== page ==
The intruder seems to give up, and I want nothing more than to roll back over and resume sleeping - I had an interrupted night, after all, but Im pretty sure no one in my host family would wake me early on a Saturday morning if it werent something important, so I flop out of bed and drag myself out of my bedroom. Im still rubbing sleep out of my eyes when my host sister (the knocker) notices I have emerged.
Clarita, tenemos que salir - hay un tsunami. Una ola grande de Chile. (yes, I think, Im not stupid. I know the word tsunami) Tienes que vestirte - ahorita!
(Claire, my brilliant and smart homestay sister (yeah, okay, she didnt say that), we have to go - theres been a tsunami. A big wave of water is coming from Chile. Get dressed - right now.)
Circuits deep near the fear center of my brain begin to fire. A tsunami? As in, walls of water that can flood cities and destroy infrastructures, leaving people to wander the streets with all of their belongings? Im gonna need a bag. Images from Cormac McCarthys The Road, and other such post-apocalyptic literature are rising, unbidden, to my mind. Bag. bag. Emergency bag. Hmmm...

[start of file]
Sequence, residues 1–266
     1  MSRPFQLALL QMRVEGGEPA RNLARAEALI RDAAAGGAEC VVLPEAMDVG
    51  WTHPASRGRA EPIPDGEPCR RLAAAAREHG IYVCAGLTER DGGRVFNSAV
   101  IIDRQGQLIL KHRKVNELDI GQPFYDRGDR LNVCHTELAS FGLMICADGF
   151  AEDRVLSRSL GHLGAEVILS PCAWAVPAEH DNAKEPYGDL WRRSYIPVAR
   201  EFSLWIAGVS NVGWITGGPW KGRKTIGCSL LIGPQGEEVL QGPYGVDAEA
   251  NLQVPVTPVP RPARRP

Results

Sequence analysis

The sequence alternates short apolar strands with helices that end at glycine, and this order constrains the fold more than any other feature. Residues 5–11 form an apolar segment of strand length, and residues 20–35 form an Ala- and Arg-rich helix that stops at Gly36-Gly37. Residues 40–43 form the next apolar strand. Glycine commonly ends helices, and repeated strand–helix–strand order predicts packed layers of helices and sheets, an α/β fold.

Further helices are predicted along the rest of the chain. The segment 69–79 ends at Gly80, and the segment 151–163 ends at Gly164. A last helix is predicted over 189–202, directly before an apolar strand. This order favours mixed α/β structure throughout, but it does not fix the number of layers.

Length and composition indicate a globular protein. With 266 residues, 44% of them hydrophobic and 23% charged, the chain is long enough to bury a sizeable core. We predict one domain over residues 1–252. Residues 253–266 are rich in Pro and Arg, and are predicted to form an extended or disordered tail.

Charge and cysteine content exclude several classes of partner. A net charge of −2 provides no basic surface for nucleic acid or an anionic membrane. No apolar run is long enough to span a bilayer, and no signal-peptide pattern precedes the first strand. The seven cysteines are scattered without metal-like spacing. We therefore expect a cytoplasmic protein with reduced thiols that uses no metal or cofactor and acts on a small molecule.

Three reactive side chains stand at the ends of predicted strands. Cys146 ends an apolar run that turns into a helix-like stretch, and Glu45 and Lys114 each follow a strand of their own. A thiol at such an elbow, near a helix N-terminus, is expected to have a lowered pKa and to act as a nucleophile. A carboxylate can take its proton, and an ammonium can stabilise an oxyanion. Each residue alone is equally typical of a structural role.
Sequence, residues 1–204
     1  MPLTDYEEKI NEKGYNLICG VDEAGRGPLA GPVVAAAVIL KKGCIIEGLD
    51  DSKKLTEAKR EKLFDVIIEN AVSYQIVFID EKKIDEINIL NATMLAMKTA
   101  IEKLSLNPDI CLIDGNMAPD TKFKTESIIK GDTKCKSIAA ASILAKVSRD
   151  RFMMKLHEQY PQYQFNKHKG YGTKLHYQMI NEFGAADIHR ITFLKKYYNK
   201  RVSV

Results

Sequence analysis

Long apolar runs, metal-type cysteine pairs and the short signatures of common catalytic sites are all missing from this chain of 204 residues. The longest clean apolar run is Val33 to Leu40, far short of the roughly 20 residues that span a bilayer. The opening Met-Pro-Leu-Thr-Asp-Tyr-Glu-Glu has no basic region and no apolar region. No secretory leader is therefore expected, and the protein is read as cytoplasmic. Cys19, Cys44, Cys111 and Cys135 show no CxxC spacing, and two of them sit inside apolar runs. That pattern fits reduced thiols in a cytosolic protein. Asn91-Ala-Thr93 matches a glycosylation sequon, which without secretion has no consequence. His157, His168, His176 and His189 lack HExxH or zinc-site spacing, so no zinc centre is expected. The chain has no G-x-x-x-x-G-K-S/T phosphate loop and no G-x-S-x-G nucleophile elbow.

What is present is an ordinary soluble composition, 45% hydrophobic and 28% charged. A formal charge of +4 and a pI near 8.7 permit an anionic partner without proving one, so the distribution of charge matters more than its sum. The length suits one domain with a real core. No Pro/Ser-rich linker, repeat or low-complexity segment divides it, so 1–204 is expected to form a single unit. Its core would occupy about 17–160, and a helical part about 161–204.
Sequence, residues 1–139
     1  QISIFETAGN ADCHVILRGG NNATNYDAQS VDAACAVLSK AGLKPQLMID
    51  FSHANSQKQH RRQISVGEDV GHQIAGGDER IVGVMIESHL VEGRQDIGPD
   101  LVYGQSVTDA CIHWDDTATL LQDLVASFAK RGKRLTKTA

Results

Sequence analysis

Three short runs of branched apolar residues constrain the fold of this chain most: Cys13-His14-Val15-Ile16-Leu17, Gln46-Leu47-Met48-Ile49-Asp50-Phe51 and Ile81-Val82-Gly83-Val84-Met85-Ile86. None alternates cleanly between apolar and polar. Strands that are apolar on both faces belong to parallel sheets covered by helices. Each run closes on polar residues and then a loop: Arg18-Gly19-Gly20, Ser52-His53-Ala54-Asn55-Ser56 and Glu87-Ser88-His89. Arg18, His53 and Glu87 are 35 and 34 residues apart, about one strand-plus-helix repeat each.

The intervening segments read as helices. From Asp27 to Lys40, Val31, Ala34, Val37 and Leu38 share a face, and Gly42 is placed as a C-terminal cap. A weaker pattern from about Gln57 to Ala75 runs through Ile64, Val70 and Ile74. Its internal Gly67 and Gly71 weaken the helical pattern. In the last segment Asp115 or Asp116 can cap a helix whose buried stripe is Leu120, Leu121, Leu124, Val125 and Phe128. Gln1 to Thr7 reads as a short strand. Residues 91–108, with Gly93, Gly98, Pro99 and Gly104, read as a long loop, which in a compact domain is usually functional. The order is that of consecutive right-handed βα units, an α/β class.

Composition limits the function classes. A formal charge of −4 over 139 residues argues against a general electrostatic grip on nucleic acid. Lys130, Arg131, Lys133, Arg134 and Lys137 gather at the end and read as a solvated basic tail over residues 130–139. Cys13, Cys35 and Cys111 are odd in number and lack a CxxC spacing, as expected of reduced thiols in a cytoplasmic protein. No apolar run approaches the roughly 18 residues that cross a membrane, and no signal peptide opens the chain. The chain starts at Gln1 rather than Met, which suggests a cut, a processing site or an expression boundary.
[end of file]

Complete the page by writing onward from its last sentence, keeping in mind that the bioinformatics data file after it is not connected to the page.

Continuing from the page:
Rain gear, sunscreen, toilet paper, survival tape, change of clothes, money, passport, headlamp, towel, aspirin, vitamins, insect repellent, food items, water (Id hit the grocery store the night before in preparation for the weekend), cell phone, emergency contact card... que ms? que ms?
I didnt have anything more to stuff in my little day bag even if I could think of it, though, so I grabbed that and my hiking boots and scrambled back into the living room, where, it became apparent, my controlled panic was not shared. At least, not by anyone but my 20-year-old host sister, who was also in the process of packing a bag. My host-mom, on the other hand, was at the blender making Batidos (think fruit-juice + milk) like every other morning. Eggs were frying. Bread had been sliced. A place was set for me at the table. Im told that well go to the highlands as soon as Carlos (my host-dad) gets back. Great. Where the heck has he wandered off to?